John Lennon tribute, Zero 7, Doomtree Blowout, and more


The Hidden Cameras

7th St. Entry

"Ratify the New," the leadoff track on the Hidden Cameras' Origin: Orphan, begins with a two-and-a-half-minute drone that accurately presages the often ponderous, dirge-like orchestral pop that permeates the rest of the album. Although a Middle Eastern sensibility briefly surfaces along with some swirling psychedelia, Joel Gibb's operatic vocals and accumulated bombast nearly send "Ratify" through the roof. The sunny, impish playfulness that Gibb is renowned for injecting into the Cameras' so-called "gay church folk music" is mostly out of the picture. Instead, Serious Intent seems to dominate. "Walk On" is a grandiose crawl, the title track is bleak, and "Silence Can Be a Headline" strains so hard to end things with a grand statement that it essentially blows up into a massive headache. A human pulse surfaces here and there, most significantly on the catchy new wavy workout "In the Na," but the Cameras' current focus is a bit askew. The group's customary over-the-top stage show should make amends. Opening will be fellow Toronto singer-songwriter Gentleman Reg—a.k.a. Reg Vermue—whose well-crafted indie-pop remains sprightly. 18+. $10/$12 at the door. 8 p.m. 701 First Ave. N., Minneapolis; 612.332.1775. —Rick Mason


Bebel Gilberto

Hold on tight: Downtempo U.K. duo Zero 7 are blowing into town
Sammy Green
Hold on tight: Downtempo U.K. duo Zero 7 are blowing into town

Dakota Jazz Club

Although she has sung since childhood and royal Brazilian musical blood flows through her veins, Bebel Gilberto only found her distinctive expression when she began merging the seductive grooves of bossa nova and samba with cutting-edge European pop and electronica. Daughter of iconic bossa nova guitarist João Gilberto and heralded Brazilian singer Miúcha, Bebel already sang with a sly, breezy charm that sparkled like the waves at Ipanema. Subtle electronica elements and crafty, innovative production—initially courtesy of the late Suba—gave Bebel's music focus and definition. Her latest, All in One, is a beguiling collection mostly about love, neatly weaving multiple threads that tie into her musical heritage. Working with a variety of producers, including Carlinhos Brown, Mark Ronson, and Didi Gutman, Bebel covers her father's "Bim Bom" in a sinuous vocal duet with Daniel Jobim (grandson of Antonio Carlos Jobim), Bob Marley's "Sun Is Shining" as if he were from Bahia, Stevie Wonder via a song recorded by Sergio Mendes ("The Real Thing"), and even Carmen Miranda's "Chica Chica Boom Chic" in a playfully surreal, carnavalesque romp lush with sultry electronics jouncing alongside cuicas and cavaquinhos. Bebel's originals, meanwhile, range from the intimate chamber pop of "Port Antonio" to the exquisite "Ela (On My Way)" (co-written with Brown), which simultaneously sways, glides and simmers with effervescent joy. $45. 7 p.m. 1010 Nicollet Mall, Minneapolis; 612.332.1010. —Rick Mason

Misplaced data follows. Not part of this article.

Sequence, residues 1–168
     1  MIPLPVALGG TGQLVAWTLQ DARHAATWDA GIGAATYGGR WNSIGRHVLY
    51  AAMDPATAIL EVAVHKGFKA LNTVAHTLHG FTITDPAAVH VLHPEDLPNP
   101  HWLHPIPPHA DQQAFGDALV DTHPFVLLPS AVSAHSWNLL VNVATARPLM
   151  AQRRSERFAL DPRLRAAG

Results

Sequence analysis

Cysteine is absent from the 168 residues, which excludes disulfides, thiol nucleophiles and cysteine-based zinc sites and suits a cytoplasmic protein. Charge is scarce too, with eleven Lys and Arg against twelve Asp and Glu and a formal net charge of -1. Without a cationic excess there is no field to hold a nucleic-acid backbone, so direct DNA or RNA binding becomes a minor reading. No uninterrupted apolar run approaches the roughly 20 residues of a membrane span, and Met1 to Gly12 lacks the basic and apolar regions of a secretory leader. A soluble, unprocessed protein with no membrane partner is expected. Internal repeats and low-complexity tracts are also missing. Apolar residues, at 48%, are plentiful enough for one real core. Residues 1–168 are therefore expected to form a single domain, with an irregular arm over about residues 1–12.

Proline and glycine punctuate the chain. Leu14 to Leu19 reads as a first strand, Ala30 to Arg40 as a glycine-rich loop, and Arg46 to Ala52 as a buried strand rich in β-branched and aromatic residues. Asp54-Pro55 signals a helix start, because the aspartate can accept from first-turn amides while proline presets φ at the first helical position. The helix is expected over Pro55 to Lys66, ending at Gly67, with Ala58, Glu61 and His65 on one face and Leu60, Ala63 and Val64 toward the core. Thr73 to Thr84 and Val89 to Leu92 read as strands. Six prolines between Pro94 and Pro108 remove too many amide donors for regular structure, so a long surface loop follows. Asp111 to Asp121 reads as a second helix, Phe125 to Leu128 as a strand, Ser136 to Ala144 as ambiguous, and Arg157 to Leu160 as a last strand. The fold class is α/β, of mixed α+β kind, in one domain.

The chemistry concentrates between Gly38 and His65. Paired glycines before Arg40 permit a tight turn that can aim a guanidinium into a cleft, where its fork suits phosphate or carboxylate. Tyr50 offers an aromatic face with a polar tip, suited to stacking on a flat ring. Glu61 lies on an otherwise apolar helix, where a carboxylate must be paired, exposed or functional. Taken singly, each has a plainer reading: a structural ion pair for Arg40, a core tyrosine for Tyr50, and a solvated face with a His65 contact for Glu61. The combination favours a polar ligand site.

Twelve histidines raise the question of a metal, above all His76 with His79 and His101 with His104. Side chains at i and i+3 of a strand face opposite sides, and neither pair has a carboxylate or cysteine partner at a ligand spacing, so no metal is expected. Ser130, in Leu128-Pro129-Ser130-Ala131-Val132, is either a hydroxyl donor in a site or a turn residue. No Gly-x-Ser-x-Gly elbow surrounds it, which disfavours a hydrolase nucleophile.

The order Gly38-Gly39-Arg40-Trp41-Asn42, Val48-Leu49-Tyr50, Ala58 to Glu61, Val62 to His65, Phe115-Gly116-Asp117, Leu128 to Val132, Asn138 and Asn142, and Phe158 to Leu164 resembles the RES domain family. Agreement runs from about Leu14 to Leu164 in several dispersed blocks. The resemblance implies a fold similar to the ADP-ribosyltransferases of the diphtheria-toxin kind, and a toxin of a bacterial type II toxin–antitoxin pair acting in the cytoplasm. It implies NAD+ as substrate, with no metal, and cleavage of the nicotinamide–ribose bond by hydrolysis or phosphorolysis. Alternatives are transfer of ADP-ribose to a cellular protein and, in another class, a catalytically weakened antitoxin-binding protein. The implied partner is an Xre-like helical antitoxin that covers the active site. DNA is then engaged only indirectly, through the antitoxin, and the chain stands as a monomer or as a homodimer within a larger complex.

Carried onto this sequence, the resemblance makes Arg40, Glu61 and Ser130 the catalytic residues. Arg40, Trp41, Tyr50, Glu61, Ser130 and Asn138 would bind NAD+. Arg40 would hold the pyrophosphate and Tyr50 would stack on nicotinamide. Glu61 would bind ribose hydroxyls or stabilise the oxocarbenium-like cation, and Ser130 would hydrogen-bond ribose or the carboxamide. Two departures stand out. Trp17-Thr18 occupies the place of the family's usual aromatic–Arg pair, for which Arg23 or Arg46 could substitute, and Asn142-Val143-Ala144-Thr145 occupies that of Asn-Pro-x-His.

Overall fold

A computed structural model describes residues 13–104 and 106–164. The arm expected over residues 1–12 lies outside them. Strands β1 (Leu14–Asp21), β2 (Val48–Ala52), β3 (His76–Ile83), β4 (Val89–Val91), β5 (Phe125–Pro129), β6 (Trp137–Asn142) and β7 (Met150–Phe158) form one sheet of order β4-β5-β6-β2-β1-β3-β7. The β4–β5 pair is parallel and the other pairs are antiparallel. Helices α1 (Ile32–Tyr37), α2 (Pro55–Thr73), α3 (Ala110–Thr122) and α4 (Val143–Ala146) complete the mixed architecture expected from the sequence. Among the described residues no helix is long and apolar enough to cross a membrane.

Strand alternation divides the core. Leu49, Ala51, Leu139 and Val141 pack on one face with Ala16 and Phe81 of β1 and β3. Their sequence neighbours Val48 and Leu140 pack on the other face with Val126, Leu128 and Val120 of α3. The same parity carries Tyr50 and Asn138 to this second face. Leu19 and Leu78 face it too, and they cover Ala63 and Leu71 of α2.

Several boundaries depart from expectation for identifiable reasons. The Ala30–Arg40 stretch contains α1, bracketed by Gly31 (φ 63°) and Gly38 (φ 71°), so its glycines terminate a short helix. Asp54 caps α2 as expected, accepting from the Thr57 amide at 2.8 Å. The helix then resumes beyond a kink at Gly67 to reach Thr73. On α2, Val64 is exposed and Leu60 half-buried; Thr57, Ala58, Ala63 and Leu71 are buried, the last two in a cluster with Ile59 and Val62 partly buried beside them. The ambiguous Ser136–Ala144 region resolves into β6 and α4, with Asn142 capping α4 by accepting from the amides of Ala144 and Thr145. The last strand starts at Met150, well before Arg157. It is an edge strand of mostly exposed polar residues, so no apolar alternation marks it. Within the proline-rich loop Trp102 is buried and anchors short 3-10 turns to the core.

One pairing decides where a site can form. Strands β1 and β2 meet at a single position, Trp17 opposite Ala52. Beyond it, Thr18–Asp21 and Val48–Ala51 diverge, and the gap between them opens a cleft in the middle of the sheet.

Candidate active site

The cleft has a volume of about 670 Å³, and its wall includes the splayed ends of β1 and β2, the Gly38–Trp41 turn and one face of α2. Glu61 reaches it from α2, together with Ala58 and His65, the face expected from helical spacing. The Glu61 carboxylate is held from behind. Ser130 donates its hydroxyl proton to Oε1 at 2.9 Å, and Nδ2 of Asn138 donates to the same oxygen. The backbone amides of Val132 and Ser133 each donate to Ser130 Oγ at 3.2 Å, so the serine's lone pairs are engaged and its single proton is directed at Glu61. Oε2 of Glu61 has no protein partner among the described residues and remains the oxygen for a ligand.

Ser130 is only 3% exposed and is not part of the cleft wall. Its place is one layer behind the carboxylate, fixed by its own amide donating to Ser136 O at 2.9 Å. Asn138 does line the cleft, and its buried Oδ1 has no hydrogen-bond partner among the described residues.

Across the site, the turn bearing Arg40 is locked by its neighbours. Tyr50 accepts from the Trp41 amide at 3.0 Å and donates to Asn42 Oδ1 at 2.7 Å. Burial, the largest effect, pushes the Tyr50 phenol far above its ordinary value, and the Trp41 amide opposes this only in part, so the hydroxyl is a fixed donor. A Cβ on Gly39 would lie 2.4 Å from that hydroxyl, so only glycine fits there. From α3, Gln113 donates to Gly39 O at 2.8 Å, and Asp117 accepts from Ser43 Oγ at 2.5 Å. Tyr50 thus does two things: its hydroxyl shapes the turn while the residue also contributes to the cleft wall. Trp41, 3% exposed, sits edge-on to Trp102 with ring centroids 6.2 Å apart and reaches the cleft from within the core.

Total Babe (EP-release)

7th St. Entry